ACF Middlebrow #12: Comedy & Communism

 

The new Middlebrow podcast deals with comedy and communism, spurred by the recent movie The Death of Stalin, which Flagg Taylor (@FlaggTaylor) and I both wanted to succeed. Unfortunately, it is a failure. More on this on the podcast, as well as some talk about Milan Kundera, Ilf and Petrov, Solzhenitsyn and Leo Strauss, Vaclav Havel and Vaclav Benda, an English-translation book of whose essays Flagg has just edited, The Long Night of The Watchman. Flagg is also the co-editor, with our friend Carl Scott, of Totalitarianism on Screen, about the great movie The Lives of Others (won the Oscar for Best Foreign Picture in 2006), which dealt with the secret police in Communist East Germany, and which we discussed on the podcast last year. So now we match our conversation on tragedy and communism with one on comedy. Listen, share, and give us a rating/review!

Here we are on iTunes, also on Stitcher, and PocketCasts.

Here’s Flagg talking about his book on Vaclav Benda, Charter 77, and the fight against Communism in Czechoslovakia on the Federalist Radio Hour with Ben Domenech!

Flagg, who teaches political science, has recently taught a course on totalitarianism in literature (using five novelists: Lewis, Orwell, Koestler, Huxley, and Ishiguro), and so we also talked about totalitarianism of the fictional variety in our Middlebrow podcast on Never Let Me Go, a movie adapted from the novel by Nobel Prize winner Kazuo Ishiguro.

If you’re interested in literature on totalitarianism, Flagg has a very good essay on Arthur Koestler’s Darkness at noon, the least-discussed of the famous novels about Communism.

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  1. Hang On Member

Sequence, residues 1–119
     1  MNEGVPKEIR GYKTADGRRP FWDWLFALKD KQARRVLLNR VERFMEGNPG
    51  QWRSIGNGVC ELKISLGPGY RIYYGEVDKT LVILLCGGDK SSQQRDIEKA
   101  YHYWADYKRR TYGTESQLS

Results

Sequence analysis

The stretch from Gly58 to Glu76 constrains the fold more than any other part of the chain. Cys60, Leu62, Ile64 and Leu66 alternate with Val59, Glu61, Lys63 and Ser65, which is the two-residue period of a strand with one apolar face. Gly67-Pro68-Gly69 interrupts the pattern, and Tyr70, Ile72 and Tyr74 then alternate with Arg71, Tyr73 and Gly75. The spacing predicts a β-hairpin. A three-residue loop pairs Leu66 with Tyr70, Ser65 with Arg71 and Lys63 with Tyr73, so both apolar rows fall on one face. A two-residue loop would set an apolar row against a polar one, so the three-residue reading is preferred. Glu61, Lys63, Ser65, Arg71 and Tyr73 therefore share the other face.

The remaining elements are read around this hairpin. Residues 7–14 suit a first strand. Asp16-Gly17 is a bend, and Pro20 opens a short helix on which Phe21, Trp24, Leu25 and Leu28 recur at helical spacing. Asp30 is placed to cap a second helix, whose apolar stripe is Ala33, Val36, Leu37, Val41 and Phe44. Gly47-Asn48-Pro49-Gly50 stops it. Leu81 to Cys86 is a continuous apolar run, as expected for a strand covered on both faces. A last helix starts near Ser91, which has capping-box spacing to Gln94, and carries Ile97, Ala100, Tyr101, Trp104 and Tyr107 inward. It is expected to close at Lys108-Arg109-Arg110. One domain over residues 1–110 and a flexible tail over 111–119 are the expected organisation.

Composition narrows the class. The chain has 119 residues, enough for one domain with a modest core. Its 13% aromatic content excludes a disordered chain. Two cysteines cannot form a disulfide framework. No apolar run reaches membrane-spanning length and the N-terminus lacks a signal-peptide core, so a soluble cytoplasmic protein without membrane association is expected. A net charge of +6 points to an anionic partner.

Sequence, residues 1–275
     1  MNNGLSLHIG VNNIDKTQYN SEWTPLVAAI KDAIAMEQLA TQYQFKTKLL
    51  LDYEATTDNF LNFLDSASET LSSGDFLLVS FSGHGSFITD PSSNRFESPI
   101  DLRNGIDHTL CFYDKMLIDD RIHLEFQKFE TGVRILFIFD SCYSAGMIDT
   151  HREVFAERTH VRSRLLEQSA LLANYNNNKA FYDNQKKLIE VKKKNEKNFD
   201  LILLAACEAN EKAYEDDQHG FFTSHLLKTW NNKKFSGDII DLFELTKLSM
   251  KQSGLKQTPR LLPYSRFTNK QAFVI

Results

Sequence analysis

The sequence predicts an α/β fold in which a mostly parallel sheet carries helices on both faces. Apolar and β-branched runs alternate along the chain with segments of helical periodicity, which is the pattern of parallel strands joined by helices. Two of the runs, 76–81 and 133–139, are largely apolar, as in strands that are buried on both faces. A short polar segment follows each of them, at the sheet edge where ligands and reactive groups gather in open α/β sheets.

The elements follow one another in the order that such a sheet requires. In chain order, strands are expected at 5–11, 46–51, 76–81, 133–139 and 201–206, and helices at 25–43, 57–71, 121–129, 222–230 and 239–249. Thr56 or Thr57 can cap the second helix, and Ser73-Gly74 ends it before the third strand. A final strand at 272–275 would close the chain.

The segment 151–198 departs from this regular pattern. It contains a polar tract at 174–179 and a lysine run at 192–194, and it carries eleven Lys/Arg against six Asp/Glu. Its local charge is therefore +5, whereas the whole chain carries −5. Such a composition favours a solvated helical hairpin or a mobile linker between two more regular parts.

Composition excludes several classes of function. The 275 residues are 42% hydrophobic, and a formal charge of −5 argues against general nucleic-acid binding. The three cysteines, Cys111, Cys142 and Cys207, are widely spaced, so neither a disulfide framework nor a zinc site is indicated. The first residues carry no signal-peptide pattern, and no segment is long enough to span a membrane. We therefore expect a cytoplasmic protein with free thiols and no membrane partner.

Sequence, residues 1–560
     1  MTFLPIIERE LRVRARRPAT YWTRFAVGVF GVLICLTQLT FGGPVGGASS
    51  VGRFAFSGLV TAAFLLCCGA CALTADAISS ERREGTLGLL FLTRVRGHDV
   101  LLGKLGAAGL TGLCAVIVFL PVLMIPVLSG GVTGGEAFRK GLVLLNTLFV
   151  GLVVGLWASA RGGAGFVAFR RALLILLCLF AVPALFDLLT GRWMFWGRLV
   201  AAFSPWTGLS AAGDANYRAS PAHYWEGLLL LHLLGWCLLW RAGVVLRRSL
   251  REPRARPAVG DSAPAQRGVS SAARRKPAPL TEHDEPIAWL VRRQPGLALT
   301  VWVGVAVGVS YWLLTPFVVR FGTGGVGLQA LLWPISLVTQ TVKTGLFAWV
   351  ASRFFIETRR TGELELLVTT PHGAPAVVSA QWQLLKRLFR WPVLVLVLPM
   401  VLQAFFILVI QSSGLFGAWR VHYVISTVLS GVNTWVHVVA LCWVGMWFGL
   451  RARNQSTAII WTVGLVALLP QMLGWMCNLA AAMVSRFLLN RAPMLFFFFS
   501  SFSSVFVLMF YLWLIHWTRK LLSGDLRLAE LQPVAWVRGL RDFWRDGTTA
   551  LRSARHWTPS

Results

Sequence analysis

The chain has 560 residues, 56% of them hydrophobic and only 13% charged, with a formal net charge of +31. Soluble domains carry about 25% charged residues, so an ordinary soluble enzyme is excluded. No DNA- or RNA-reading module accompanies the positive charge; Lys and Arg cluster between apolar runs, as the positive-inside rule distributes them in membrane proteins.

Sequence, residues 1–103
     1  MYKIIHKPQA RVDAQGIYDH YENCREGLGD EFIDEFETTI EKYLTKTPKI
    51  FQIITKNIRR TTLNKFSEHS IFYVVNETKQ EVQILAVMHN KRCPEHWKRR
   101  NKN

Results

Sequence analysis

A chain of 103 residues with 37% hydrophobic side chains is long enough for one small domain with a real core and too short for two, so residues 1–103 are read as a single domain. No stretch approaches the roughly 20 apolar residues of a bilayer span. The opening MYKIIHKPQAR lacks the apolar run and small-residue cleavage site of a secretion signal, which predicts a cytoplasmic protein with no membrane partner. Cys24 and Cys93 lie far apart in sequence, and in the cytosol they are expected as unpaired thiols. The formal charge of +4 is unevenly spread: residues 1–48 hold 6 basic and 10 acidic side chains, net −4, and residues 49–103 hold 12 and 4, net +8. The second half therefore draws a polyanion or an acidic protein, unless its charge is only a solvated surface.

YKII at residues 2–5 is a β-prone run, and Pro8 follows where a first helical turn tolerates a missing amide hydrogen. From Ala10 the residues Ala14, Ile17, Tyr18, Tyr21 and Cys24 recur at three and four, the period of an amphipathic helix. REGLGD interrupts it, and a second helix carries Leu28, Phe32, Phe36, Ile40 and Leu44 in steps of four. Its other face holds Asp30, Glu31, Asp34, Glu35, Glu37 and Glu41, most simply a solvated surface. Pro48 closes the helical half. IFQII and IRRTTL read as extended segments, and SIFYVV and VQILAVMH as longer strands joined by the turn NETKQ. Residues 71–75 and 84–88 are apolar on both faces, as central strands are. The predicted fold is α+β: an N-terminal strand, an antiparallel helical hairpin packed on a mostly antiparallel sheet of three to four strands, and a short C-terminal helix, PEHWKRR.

Hang On
    @HangOn

    Do you know an older series “der gleiche Himmel”? It’s about Operation Romeo with a 25-year-old Stasi agent coming to West Berlin to seduce a late 40’s British security service agent. Am only on the 3rd episode, but it is good.  Thomas Schilling is the Stasi agent. Sofia Helin is the British agent. There is more to the story than that because it also is giving a glimpse into the world of DDR sports which I find more interesting than the spy line. There is also a group of tunnelers who are operating at a bakery adjacent to the wall. 

    • #1
  2. Titus Techera Contributor
    Titus Techera
    @TitusTechera

    dunno the series. Where did you find it?

     

    • #2
  3. Hang On Member
    Hang On
    @HangOn

    Titus Techera (View Comment):

    dunno the series. Where did you find it?

     

    Netflix

    • #3
  4. Percival Thatcher
    Percival
    @Percival

    I liked your story about the guy in Romania having problems with his ID, Titus. This was one of your best podcasts yet.

    I haven’t seen the movie. I overheard two friends wondering about the flower scene, so I explained to them what “flowers from Beria” meant.

    I look forward to your podcast on humor as a means of dealing with Communism.

    • #4
  5. Titus Techera Contributor
    Titus Techera
    @TitusTechera

    So the next thing Flagg & I are doing is a series of podcasts in honor of the 50th an. of the Prague Spring.

    We’re talking about Katyn, Burning Bush, & The unbearable lightness of being.

    • #5

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